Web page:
As a real estate investor, you’ve hopefully had some solid success managing your first investment property, and you might be wondering if it’s time to purchase a second property to expand your portfolio. And why not? Investing your profits in new properties is a great way to grow your business and move closer to your financial goals.
Adding a second investment property (or several more) brings with it new challenges and new questions to consider.
Pros and Cons of Investing in Multiple Rental Properties
On the positive side, a portfolio of multiple rental properties equates to more income, provided a thorough rental property analysis, conducted before you consider purchasing anything, has yielded positive results.
In addition, once you’ve established a positive cash flow on your first investment property, there are often more opportunities available to you to finance a second investment property, such as a second mortgage or a 1031 exchange.
One more added appeal to owning multiple investment properties is diversifying risk by diversifying your portfolio. You might consider investing in a mix of different property types such as multi-family homes, condos, or apartment buildings, for example, or in different sizes in terms of square footage, bedrooms or bathrooms. You’ll be better positioned to ride out a market downturn with a diversified portfolio or properties.
Managing multiple investment properties is not without its drawbacks either, and you’ll want to consider whether you’re ready to take on the additional challenges.
For one, owning more properties requires a larger outlay of capital. Do you have enough savings and income to handle multiple mortgages, property taxes, and possibly a property management fee? Will you be able to cover emergencies and repairs?
Another drawback for some is the increased amount of work managing multiple properties entails. Even if you employ help from a property management service to take care of the day-to-day, you’re still responsible for the overall financial health of your investments and ultimately, as a landlord, the happiness of your tenants.
Real estate is often about timing, and judging whether it’s a good time to add a second property to your portfolio can feel tricky: You want to build on your success but don’t want to make a bad decision that could jeopardize your hard work.
Here are a few questions to consider while weighing your options:
- Do you have the experience?
- How long have you successfully managed your first investment property?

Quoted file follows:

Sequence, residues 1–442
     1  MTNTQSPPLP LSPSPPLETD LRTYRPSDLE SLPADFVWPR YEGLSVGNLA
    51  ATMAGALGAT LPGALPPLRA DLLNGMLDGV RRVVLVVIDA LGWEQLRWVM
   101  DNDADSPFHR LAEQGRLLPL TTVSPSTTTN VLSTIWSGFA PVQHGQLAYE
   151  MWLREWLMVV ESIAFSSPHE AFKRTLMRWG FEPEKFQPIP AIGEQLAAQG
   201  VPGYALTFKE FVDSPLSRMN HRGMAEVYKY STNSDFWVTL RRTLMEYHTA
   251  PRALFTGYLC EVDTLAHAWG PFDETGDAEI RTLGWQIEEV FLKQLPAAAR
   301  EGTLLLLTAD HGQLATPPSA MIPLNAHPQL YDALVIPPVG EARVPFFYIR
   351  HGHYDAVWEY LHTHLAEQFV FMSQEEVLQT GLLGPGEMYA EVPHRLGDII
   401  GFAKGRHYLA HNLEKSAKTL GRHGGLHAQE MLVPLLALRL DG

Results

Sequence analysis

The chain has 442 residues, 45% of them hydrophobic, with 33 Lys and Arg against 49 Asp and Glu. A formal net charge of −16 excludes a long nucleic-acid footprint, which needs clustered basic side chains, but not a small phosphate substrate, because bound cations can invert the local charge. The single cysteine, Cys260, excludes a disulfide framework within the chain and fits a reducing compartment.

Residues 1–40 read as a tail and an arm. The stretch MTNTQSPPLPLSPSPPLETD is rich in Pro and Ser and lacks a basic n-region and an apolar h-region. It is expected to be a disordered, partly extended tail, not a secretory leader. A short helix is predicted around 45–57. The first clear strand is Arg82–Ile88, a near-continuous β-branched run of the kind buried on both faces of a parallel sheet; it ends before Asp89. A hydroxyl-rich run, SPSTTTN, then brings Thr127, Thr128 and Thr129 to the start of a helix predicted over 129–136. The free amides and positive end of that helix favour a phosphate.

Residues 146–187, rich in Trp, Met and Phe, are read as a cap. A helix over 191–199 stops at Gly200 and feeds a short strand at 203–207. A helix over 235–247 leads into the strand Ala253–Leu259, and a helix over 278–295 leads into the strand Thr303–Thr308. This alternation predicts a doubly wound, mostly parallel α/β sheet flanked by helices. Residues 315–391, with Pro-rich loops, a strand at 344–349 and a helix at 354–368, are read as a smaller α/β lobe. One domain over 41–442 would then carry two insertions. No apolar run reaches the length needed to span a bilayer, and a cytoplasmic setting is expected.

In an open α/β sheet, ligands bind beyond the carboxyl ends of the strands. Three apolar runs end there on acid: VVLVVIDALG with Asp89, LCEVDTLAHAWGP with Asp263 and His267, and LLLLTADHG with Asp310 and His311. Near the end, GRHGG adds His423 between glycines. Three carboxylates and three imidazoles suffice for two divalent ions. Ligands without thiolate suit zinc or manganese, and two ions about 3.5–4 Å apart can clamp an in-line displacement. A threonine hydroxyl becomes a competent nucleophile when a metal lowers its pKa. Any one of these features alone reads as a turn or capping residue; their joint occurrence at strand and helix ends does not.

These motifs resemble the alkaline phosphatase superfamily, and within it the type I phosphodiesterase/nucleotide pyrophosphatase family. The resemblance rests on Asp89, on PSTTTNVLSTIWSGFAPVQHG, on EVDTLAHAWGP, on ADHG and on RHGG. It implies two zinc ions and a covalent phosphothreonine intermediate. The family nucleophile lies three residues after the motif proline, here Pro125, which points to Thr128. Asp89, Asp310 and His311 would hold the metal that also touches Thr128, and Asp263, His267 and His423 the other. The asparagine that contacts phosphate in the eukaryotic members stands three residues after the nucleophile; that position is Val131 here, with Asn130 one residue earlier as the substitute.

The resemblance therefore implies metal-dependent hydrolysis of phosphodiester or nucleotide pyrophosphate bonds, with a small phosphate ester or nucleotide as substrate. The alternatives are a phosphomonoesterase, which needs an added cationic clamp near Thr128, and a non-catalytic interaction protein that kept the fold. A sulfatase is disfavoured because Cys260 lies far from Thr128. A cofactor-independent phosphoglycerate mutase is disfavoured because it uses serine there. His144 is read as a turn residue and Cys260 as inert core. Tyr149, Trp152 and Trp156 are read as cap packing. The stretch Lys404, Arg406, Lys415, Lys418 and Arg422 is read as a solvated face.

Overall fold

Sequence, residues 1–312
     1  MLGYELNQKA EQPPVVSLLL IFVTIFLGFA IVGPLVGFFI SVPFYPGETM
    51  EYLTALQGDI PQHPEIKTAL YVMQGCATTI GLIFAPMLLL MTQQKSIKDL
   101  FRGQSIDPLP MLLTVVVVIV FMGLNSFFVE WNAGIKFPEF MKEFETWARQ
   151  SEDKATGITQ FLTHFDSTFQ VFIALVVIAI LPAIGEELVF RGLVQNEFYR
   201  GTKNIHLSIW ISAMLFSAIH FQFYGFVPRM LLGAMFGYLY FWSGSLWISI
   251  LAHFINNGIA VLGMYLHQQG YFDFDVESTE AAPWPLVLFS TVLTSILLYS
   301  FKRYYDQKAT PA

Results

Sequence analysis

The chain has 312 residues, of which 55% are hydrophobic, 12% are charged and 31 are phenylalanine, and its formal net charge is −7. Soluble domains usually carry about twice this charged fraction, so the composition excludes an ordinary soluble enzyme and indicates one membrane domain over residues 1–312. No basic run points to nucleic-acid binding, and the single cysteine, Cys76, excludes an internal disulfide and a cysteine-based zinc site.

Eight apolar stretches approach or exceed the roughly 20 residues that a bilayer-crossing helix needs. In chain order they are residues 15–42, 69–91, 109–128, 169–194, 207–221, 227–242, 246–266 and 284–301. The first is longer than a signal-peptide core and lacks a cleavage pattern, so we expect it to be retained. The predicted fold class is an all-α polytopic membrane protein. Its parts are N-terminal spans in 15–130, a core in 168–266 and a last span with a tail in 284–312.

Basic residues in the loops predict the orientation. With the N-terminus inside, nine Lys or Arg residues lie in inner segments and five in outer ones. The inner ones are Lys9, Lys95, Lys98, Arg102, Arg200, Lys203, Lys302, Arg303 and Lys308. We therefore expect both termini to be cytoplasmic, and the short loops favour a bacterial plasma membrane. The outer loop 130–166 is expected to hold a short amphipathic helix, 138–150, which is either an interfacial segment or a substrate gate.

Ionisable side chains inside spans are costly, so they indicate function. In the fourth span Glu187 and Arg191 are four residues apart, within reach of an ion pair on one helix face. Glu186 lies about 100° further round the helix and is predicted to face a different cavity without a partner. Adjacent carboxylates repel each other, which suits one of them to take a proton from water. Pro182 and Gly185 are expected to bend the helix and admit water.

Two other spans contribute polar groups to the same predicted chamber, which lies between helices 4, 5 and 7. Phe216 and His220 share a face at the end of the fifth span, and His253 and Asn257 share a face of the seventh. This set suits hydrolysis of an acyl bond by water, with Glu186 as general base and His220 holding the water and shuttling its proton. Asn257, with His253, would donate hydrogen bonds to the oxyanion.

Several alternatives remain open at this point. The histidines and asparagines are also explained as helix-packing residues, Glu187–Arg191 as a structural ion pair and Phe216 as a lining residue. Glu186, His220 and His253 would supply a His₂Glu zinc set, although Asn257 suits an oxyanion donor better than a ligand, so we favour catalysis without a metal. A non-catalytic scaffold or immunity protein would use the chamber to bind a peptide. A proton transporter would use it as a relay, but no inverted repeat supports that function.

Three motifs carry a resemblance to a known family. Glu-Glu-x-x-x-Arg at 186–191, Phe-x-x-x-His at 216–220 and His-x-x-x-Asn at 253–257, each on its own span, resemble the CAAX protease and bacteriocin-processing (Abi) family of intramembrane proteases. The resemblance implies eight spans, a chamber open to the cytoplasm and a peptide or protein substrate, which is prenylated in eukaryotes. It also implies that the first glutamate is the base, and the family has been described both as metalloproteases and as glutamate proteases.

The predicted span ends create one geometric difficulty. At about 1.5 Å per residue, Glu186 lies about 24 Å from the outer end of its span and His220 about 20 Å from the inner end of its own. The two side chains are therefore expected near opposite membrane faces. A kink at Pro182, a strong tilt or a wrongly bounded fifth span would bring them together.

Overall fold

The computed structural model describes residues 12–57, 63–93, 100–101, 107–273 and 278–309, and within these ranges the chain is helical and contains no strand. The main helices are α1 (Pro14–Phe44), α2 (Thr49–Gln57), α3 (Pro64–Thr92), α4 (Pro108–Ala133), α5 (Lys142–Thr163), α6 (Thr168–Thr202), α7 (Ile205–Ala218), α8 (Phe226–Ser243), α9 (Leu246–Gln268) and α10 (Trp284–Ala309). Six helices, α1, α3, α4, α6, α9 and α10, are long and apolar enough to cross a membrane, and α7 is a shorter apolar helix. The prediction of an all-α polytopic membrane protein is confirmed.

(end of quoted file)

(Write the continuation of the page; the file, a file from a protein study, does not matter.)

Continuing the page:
- Do you have positive cash flow and happy tenants?
- Do you have the time and skills to manage multiple properties?
- Will you outsource help such as a property management service?
- Are you financially prepared to handle multiple mortgages, property taxes, maintenance and emergencies?
- Do you understand the tax benefits and liabilities?
- Is the timing right?
- What are current interest rates?
- Have you done a market analysis to find out what homes are selling or renting for in the area you’re interested in?
The process of buying a second investment property will likely feel familiar, with a few differences and decisions to make.
Tips to Keep in Mind When Buying A Second Rental Property
Do Your Homework
You need to know how to research and identify the best rental markets with a rental property analysis, keeping key factors such as location, vacancies and listings, the local economy, and growth and development in mind.
Evaluate the number of recent sales and listing prices, median household incomes, employment trends, and affordability in the area you’re considering. Are you buying at the right time in the property cycle or have an opportunity to buy under market value? You want to make sure you’re making the best investment you can in the right area to ensure your rental property is profitable.
Assemble a Great Team
Work with a great real estate agent who specializes in the area you’re interested in. They’ll be able to open doors and offer insights into the area you can’t get from reading a research report. Free agent matching services are often a good way to find a knowledgeable realtor with a minimum outlay of time, and some services offer built-in savings with no negotiating.
It’s also good to have a solid relationship with a great mortgage broker, who can help you maximize your borrowing power and get approved for better loans.
A tax attorney or accountant is another vital member of your team to advise you on the tax implications or other tax deductions of multiple investment properties.
Know your Financing Options
You have several options when it comes to financing a second investment property, but it may take some due diligence to understand them thoroughly to determine which is right for you at this stage of your investing life.
Conventional loans that follow Fannie Mae and Freddie Mac guidelines might be the easiest to obtain at the best rates. A second mortgage may be a viable means of financing a second rental property. A blanket loan, which is one mortgage that covers all your properties, may be appropriate, the advantage being one set of closing costs applies if all the properties are purchased at the same time, though higher fees and rates may apply. FHA 203K loans apply to fixer-upper properties that need extensive repair, but hard money loans might be used as a fast financing alternative to a 203K with higher rates and fees until a more permanent loan can be secured. Be sure to work with a knowledgeable broker who can guide you through your options.
The transition from owning one rental property to adding a second is a major milestone in scaling your investment business. Successfully navigating the challenge of researching, financing, and managing a second property may lead to further expansion down the road.